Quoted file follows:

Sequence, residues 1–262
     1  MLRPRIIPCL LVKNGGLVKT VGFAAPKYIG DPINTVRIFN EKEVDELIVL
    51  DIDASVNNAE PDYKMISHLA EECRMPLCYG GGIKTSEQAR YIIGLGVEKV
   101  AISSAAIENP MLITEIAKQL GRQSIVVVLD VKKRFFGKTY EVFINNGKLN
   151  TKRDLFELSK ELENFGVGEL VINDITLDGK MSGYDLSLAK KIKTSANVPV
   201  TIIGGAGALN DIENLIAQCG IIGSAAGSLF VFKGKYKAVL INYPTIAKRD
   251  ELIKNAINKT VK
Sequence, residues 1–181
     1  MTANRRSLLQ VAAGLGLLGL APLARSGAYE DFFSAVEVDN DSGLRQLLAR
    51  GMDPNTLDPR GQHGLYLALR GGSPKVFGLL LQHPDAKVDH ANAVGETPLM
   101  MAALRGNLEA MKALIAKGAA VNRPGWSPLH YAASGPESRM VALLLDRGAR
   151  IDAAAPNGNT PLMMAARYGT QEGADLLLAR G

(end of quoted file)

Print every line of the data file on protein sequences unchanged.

Sequence, residues 1–262
     1  MLRPRIIPCL LVKNGGLVKT VGFAAPKYIG DPINTVRIFN EKEVDELIVL
    51  DIDASVNNAE PDYKMISHLA EECRMPLCYG GGIKTSEQAR YIIGLGVEKV
   101  AISSAAIENP MLITEIAKQL GRQSIVVVLD VKKRFFGKTY EVFINNGKLN
   151  TKRDLFELSK ELENFGVGEL VINDITLDGK MSGYDLSLAK KIKTSANVPV
   201  TIIGGAGALN DIENLIAQCG IIGSAAGSLF VFKGKYKAVL INYPTIAKRD
   251  ELIKNAINKT VK
Sequence, residues 1–181
     1  MTANRRSLLQ VAAGLGLLGL APLARSGAYE DFFSAVEVDN DSGLRQLLAR
    51  GMDPNTLDPR GQHGLYLALR GGSPKVFGLL LQHPDAKVDH ANAVGETPLM
   101  MAALRGNLEA MKALIAKGAA VNRPGWSPLH YAASGPESRM VALLLDRGAR
   151  IDAAAPNGNT PLMMAARYGT QEGADLLLAR G